I know this review is a bit vague. Let me give you an example. Early on Abbott finds a condom among his brother’s possessions. Thinking back to a gay colleague at Vanderbilt, Abbott reflects on the 80s-90s AIDS crisis, homosexuality and the church (emphases in original):
The irony of the condom among John’s things. How soon did her start using them? When I visited him in Houston during that watershed year for AIDS, prophylactics were primarily for heterosexuals. Without a sense for the dangers, John was defenseless.
Defenseless? The abstinence the church teaches would have protected him.
And it would have left him indescribably lonely.
I recall bad decisions of my own that didn’t lead to complications only because of dumb luck. We lean on accepted wisdom, trust to instinct, and hope for a little good fortune.
You can see how the inner voices work, three people talking to and against each other, battling for control over a narrative that is already set in stone. Yet even these inner voices are deceptive, deluded in their own way towards one bias or another. We do not know the truth of who John was, or who Abbott is. Mystery is the heart of this text, fundamentally a mystery about how well we know our families, and how well we know ourselves. Abbott’s mystery takes place against the backdrop of struggling for academic freedom at BYU during the early 90s, while good teachers like Gail Houston, Cecila Konchar Farr and David Knowlton are fired for expressing their (mostly innocuous) views. This series of events has a major impact on Abbott, serving as the catalyst for his final move away from BYU, from family, and from the church itself. We all must view our memories through the dark glasses of our current state. Viewing his past through this lens of a stifling environment and religious disaffection, how was Abbott ever to see who his brother really was, based on scraps of paper, relics and rumors? How are we to ever really understand our brothers and sisters — living or dead?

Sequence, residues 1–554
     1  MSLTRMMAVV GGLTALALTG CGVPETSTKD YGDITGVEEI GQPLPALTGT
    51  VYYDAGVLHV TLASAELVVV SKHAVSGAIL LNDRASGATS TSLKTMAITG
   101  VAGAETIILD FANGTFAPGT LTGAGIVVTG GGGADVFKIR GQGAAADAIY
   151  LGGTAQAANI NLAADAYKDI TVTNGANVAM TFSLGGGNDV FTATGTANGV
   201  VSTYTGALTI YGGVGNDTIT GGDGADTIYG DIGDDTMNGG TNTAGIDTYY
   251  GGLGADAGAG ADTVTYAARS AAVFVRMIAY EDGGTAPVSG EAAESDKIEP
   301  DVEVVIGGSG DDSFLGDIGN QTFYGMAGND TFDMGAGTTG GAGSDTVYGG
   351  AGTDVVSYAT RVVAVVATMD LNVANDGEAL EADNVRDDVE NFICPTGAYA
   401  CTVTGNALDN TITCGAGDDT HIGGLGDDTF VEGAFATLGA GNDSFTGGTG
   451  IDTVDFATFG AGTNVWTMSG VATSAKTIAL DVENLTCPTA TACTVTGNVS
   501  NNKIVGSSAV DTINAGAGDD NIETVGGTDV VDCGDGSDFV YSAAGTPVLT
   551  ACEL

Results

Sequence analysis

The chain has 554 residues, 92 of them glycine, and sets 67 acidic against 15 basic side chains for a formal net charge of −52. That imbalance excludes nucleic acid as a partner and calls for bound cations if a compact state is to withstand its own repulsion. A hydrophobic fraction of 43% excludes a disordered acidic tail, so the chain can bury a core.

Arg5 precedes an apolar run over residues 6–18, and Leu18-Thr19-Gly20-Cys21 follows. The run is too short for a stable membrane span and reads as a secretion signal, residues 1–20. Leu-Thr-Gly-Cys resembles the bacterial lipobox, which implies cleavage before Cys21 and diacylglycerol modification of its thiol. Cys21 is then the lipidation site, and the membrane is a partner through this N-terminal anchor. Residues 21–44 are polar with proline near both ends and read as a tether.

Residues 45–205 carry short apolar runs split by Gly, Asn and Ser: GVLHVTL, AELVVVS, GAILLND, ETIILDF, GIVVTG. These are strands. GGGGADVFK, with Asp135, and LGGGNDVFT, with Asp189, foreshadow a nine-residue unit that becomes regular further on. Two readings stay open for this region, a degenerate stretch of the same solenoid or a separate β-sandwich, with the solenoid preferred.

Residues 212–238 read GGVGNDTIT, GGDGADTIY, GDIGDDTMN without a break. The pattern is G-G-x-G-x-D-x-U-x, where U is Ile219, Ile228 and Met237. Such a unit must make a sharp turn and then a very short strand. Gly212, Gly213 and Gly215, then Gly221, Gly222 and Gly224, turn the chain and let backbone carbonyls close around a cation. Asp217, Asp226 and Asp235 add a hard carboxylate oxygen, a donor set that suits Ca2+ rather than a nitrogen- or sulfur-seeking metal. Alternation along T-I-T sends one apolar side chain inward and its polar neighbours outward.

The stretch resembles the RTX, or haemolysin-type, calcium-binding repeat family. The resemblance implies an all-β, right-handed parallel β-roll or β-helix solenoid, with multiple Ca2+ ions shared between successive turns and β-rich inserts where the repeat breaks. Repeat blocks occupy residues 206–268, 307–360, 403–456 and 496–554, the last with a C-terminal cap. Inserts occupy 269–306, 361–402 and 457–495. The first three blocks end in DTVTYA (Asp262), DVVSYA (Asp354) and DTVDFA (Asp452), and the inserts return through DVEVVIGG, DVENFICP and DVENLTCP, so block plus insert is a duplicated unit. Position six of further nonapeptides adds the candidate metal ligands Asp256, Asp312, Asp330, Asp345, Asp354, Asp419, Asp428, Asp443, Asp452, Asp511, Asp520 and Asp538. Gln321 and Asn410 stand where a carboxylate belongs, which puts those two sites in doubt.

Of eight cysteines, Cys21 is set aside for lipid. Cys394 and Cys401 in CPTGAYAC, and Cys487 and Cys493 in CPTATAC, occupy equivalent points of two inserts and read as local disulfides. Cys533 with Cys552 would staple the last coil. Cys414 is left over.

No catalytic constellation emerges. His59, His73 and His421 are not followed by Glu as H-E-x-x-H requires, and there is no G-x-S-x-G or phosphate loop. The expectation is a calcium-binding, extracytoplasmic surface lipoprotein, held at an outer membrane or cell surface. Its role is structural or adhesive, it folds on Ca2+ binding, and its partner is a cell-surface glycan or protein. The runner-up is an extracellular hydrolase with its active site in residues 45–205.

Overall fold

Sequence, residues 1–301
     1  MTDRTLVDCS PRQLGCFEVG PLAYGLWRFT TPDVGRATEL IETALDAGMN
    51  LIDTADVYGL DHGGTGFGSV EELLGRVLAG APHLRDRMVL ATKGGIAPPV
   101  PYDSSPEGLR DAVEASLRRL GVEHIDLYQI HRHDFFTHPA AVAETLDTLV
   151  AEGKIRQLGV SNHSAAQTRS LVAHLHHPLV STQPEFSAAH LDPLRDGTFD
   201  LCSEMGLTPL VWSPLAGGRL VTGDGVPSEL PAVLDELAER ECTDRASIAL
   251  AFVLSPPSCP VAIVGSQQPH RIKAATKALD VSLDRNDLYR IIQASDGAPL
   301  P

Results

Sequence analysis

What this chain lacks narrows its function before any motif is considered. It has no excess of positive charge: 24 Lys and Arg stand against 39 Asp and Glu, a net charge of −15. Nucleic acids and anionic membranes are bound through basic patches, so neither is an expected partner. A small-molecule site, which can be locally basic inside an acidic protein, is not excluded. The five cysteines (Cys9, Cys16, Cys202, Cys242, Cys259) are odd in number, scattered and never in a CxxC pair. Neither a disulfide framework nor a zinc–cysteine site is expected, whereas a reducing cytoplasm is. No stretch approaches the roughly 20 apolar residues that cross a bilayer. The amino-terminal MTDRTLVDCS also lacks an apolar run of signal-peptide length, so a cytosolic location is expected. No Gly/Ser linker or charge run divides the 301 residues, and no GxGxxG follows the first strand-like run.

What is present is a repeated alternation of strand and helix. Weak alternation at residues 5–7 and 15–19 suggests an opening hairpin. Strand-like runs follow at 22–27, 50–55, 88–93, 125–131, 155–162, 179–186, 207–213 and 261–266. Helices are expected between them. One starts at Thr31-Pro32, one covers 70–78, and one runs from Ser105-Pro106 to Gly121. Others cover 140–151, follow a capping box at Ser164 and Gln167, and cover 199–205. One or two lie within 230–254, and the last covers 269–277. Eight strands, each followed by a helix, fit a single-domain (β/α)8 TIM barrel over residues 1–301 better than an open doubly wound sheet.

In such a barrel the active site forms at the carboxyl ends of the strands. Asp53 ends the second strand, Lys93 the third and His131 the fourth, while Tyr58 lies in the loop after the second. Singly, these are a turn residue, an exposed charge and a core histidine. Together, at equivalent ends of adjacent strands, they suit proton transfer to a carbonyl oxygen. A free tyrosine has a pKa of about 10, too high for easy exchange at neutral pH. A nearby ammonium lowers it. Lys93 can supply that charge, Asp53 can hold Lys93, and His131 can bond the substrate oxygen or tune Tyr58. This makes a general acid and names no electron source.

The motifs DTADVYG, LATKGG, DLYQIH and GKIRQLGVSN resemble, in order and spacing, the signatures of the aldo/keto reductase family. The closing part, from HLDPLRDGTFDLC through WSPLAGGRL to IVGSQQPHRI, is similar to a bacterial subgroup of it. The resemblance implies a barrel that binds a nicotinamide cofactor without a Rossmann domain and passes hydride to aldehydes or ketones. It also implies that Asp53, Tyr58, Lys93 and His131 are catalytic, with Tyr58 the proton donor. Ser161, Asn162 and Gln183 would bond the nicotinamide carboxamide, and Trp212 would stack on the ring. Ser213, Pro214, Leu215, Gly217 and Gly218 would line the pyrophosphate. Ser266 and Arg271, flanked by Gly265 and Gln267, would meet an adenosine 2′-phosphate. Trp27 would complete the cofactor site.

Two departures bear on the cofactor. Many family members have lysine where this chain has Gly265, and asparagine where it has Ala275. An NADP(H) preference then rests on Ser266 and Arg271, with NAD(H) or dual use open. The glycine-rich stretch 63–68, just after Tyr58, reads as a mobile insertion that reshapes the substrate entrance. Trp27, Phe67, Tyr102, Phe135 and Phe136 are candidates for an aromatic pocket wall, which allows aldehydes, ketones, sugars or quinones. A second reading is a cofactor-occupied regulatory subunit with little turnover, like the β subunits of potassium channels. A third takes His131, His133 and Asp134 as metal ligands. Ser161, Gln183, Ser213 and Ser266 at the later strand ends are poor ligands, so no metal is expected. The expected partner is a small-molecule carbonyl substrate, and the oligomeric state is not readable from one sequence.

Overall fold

This is not an easy book for an active mormon to read. It is written by someone who no longer believes. There is alcohol. There is sexuality. There is skepticism and scorn for church leaders (Boyd K. Packer receives the bulk of this). Reading this book is like engaging with a friend who no longer believes and is leaving. How will you react to these people in your life? Immortal will test you.
I don’t mean to sound antagonistic to Abbott or this wonderful, frustrating, troubling, vitally important book. I believe the book shows us the divide in front of us when it comes to understanding other human beings. It shows us that in the quiet heart is hidden sorrow that the eye can’t see, but more than this — in the heart is hidden joy, hidden faith, hidden struggle, hidden sexuality, hidden identity. Everything is hiding there.